The first obvious choice was Ubuntu which still uses Unity by default. Sorry, but try as I might I just can not get on with Unity as a desktop. After installing Ubuntu Gnome (one of the many great community editions) I was set. And then it broke. No real information it would just show a dialog about a “system crash” and the option to report it. Which I did, several times to no avail. Life’s too short …
So then I downloaded Fedora and installed it and then wondered at the tiny square window on my screen. Full Screen did not work out the box. Tldr; you have to add the kernel headers matching your kernel. Then and only then you will be able to install the VirtualBox Guest Additions. At this point, I rebooted looking forward cracking on only to find I could no longer log into the machine. Every time I entered the credentials the screen would return to the user selection screen of GDM. Life is getting shorter …
Based on Fedora I ruled out RHEL and CentOS as I couldn’t face more disappointment at this stage. So that left openSUSE which I haven’t played with since about 2005! Yet, I did remember that they had created a rolling version called Tumbleweed. So I installed it and after a 10-minute installation sat back and basked in the green glow coming from my screen. Finally, I have a working Linux VM and I followed the online instructions to get .Net installed. I cloned my repo and ran dotnet restore and dotnet run and boom. It broke! openSUSE Tumbleweed does not work for .Net Core due to library conflicts. It should work on the non-rolling version of oepnSUSE if you believe some stories. You will only find this out after a lot of Googling and reading of issue tickets in Github.
So losing the will to live I tried a final time with Ubuntu. Installed it and set up .Net, cloned my repo and a dotnet restore and a dotnet run later and I was up and running. I installed Gnome as Unity was worse than I remember it (RIP Unity anyway). I have spent the last couple of days working with it. It is about as good as working with .Net Core on Linux as I previously described before Arch broke the environment.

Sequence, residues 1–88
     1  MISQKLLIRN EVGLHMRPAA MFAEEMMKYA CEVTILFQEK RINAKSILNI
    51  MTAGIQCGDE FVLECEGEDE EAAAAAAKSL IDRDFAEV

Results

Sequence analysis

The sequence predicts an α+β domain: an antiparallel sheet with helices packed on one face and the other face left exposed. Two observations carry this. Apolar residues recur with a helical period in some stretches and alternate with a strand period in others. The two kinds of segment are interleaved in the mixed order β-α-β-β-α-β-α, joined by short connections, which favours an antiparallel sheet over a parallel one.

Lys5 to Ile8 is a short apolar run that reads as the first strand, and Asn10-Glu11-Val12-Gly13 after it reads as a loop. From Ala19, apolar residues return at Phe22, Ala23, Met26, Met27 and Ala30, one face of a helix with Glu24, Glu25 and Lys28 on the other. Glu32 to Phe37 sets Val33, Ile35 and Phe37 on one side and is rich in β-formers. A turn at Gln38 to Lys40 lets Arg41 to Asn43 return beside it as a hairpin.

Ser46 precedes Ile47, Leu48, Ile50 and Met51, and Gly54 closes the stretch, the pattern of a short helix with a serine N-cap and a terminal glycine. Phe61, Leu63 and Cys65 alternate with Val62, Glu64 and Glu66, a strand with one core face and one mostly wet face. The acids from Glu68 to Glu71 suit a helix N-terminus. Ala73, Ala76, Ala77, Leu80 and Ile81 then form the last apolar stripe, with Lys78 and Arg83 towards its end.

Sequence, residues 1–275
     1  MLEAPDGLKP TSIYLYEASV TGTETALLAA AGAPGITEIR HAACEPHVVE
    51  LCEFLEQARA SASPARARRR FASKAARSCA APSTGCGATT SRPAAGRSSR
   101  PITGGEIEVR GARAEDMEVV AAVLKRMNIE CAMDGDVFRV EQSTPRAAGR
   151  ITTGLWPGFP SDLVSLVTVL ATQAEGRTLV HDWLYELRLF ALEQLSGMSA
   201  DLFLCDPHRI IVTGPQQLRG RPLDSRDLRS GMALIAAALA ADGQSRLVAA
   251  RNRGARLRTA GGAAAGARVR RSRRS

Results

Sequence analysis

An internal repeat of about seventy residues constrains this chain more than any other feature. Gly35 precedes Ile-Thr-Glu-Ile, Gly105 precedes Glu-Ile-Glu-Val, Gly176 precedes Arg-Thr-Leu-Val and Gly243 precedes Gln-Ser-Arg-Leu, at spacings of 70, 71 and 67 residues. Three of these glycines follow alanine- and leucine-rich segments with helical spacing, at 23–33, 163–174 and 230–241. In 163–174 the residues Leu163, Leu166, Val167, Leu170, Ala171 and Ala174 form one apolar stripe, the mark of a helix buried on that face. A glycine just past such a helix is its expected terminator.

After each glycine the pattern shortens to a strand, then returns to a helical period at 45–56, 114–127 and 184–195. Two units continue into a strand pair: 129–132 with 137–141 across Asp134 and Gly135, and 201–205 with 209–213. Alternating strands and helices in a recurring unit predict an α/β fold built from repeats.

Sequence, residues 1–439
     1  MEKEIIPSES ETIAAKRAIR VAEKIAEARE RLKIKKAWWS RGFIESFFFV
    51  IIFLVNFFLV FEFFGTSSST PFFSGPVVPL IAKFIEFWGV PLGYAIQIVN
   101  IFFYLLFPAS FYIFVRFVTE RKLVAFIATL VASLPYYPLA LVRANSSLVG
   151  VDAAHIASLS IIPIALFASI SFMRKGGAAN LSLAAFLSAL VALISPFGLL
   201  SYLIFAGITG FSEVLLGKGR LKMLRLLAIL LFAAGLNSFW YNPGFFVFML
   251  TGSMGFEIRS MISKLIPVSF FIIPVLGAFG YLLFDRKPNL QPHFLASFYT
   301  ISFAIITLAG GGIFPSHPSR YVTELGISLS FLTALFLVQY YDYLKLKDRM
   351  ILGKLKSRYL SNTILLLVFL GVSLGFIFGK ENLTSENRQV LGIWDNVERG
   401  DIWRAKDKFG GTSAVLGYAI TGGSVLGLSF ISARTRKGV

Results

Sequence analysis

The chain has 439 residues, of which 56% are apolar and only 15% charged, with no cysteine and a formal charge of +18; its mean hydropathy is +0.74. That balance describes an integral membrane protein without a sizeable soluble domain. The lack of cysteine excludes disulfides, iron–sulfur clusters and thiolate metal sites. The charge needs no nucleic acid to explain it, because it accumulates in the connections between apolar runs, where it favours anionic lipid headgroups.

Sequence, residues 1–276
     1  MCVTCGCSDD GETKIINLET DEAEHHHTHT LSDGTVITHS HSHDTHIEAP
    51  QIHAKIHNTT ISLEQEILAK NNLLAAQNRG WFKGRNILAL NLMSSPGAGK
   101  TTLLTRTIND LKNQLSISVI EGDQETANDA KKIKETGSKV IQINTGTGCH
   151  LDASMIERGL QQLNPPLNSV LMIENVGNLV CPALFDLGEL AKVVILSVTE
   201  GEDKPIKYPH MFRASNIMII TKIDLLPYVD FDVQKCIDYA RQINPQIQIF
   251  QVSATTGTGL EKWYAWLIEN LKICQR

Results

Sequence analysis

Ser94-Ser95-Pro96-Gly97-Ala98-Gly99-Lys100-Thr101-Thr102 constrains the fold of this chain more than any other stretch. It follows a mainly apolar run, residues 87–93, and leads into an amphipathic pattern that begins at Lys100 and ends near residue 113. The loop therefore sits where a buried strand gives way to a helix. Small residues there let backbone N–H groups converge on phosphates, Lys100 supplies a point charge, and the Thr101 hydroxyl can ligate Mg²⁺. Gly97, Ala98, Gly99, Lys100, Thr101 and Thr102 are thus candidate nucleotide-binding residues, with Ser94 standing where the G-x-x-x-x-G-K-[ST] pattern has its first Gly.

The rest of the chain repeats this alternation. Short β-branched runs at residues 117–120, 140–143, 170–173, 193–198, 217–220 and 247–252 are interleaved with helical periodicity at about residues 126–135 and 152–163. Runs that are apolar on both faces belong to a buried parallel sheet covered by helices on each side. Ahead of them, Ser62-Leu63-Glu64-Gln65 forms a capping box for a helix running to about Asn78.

This really isn’t a name and shame post of non-Arch Linux distros at all. It is however, showing that a number of the beginner friendly distro’s do not work straight out of the box. Using VirtualBox is one way people first play with Linux and try it out. This stuff should be considered during the testing phases. In talking to a number of other developers they have also suffered the same issues in getting .Net Core to work on anything that Ubuntu on Linux. That’s fine but it should be better advertised. The .Net team need to find a way to better support the fast moving package infrastructure of Linux as well if .Net on Linux is to succeed.
This is the second in a mini-series of posts. In the
previous one, I outlined some thoughts on recruiters from a hiring perspective. This one covers some observation’s from reading lots of candidate CV’s. (I do mean lot’s as well!)
Tip 1 - Quality
“Good developers can write well.” I have read that countless times and always wonder where that comes from. I am constantly surprised by the lack of spell checking and grammar in most of the CV’s I receive. There are a lot of tools out there that can help you prepare your prose. Hemingway app and Grammarly are two that I recommend for most.
I see a number of CV’s that have obviously been copied and pasted onto a recruiter’s template. These recruiter versions always look awful. They obviously do not take any time in ensuring formatting is copied as well. If you are using a recruiter then find out if that is something they will do. If they do, then ask to proofread the recruiter version. It is your career they could hamper with the terrible presentation.
Tip 2 - Quantity
A lot of the CV’s I receive are just too long. I mean, 5 pages long for someone with a 4-year career history. Let’s be honest and say that if I am hiring you I am interested in the most recent roles that you have had. If you worked in a burger restaurant when you were 18 and you are now on you eighth job, it should be referenced and no more.
Your Cv shouldn’t be more than 1 page of career history per 10 years of work with a page for education and personal information.
Tip 3 - No lists
When reading about your previous roles I want to know what you did and how you achieved it. That does not mean you should list every technology stack and acronym out there. It also means that if you tell me that you use Node, I do not need NPM listed as a skill as well. That is implied especially when you go on to describe the amazing products you built with Node. (Replace Node for any stack with peripheral elements such as package managers).
Tip 4 - Be adaptive
You do not need just on CV. You should try and adapt it to the roles that you are applying to. Look at the skills they want. Change the content of your CV to highlight your matching skills and experience.
Tip 5 - Be creative